POPs and the Food Chain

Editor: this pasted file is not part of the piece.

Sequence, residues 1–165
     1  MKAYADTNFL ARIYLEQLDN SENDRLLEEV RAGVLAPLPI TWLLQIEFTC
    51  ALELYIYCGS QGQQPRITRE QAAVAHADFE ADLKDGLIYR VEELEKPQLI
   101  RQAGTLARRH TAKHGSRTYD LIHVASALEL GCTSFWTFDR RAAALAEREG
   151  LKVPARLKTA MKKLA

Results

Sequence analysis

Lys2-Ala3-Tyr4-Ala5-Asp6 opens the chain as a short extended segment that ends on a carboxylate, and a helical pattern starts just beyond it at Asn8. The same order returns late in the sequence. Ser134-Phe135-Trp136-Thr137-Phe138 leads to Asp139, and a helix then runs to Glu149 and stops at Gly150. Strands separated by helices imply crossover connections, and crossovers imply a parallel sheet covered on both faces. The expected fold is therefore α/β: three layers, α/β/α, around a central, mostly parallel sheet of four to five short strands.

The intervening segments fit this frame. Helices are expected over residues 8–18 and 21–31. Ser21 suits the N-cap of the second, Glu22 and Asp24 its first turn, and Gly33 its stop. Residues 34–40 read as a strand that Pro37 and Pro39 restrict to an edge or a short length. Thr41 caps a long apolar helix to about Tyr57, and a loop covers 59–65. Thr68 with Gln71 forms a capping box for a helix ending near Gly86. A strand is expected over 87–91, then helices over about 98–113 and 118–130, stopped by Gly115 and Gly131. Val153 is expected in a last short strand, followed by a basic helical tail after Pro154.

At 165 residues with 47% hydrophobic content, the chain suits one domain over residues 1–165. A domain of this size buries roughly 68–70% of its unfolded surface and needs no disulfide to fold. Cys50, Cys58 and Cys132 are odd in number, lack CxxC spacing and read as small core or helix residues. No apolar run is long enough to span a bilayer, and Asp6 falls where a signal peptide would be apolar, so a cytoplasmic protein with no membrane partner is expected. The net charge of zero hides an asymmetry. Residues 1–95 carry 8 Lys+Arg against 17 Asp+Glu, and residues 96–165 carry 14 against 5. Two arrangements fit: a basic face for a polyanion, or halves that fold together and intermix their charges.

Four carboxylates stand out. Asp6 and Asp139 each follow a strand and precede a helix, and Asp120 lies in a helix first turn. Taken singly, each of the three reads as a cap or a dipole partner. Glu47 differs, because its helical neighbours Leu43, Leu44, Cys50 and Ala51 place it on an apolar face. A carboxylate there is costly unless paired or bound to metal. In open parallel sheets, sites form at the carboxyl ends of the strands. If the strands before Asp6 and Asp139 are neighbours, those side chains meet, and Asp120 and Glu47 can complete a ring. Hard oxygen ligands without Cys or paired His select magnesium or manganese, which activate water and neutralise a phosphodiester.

Feeding relationships are more complicated than the simple definition 'food chain' suggests. Some species feed on organisms in two or more trophic levels and change their food sources during their life history. Studies in this area, that include both an assessment of the trophic position and the body burden of the contaminants of interest, are scarce. An extensive work has been done in recent years in the Baltic Sea. Pollutant concentrations in aquatic animals are determined by the levels both in the surrounding water and in their food. Most persistent organic pollutants are found in greater abundance in aquatic animals than in the planktonic algae, but their concentration levels are strongly influenced by their chemical-physical characteristics. According to the study carried out in the Baltic Sea, two of the more toxic PCB congeners occur in higher concentrations in consumer organisms such as herring and cod than in phytoplankton. The same tendency has been demonstrated for the three most toxic PCDDs, including TCDD, but other PCDD congeners exhibit a different behavior. Zooplankton and fish, for instance, show significantly lower levels of the fully chlorinated octachlorodibenzo-p-dioxin (OCDD) than phytoplankton. In general, the bioavailability of such a molecule appears to be limited by its comparatively large size and its extremely low water solubility, which can limit its passage from one link to another in the food chain; biological barriers are more difficult to cross for molecules with such properties. As a measure of positions in these food chains, concentrations of the nitrogen isotope 15N, which becomes enriched compared with i4N in conjunction with metabolism, have been determined. Fish are the main constituents of the diet of some mammals such as seals, otter (Lutra lutra), mink (M. viso) and in bird species, particularly birds of prey and water birds. It is among these animals at the top of aquatic food chains that the most serious toxic pollutant problems have been found. A difference in biomagnification potentiality exists between aquatic and terrestrial food chains. In aquatic gill-breathing organisms, POPs do not undergo a marked biomagnification through the food chains because the species live in such close contact with the aquatic environment that the tendency for concentrations of pollutants to increase is counteracted by a constant tendency to achieve equilibrium with pollutant levels in the surrounding water (Figure 1). On the contrary, food is the principal source of persistent organochlorine insecticides for most trophic levels in terrestrial systems. Unlike gill-breathing animals, aquatic mammals do not take up persistent pollutants from the water, and they are equally unable to rely on the reverse process of their direct outward release from tissues into the water. In mammals and birds, concentrations of toxic substances are instead determined by the balance between their intake in food and detoxification mechanisms, which for persistent and bioaccumulating substances are slow. A further risk for nonaquatic animals is that many detoxification mechanisms include the formation of more polar metabolites to be excreted by water-based fluids, but the need for them to conserve water reduces this possibility. Among them, herbivores have more efficient systems for metabolizing foreign compounds than carnivores because of the nature of their diet. A critical window in the lifetime of these organisms is when they suffer starvation or a serious disease resulting in the use of their fat reserves, the tissue which have accumulated the highest levels of the contaminants, releasing a significant dose to reach the vital organs.

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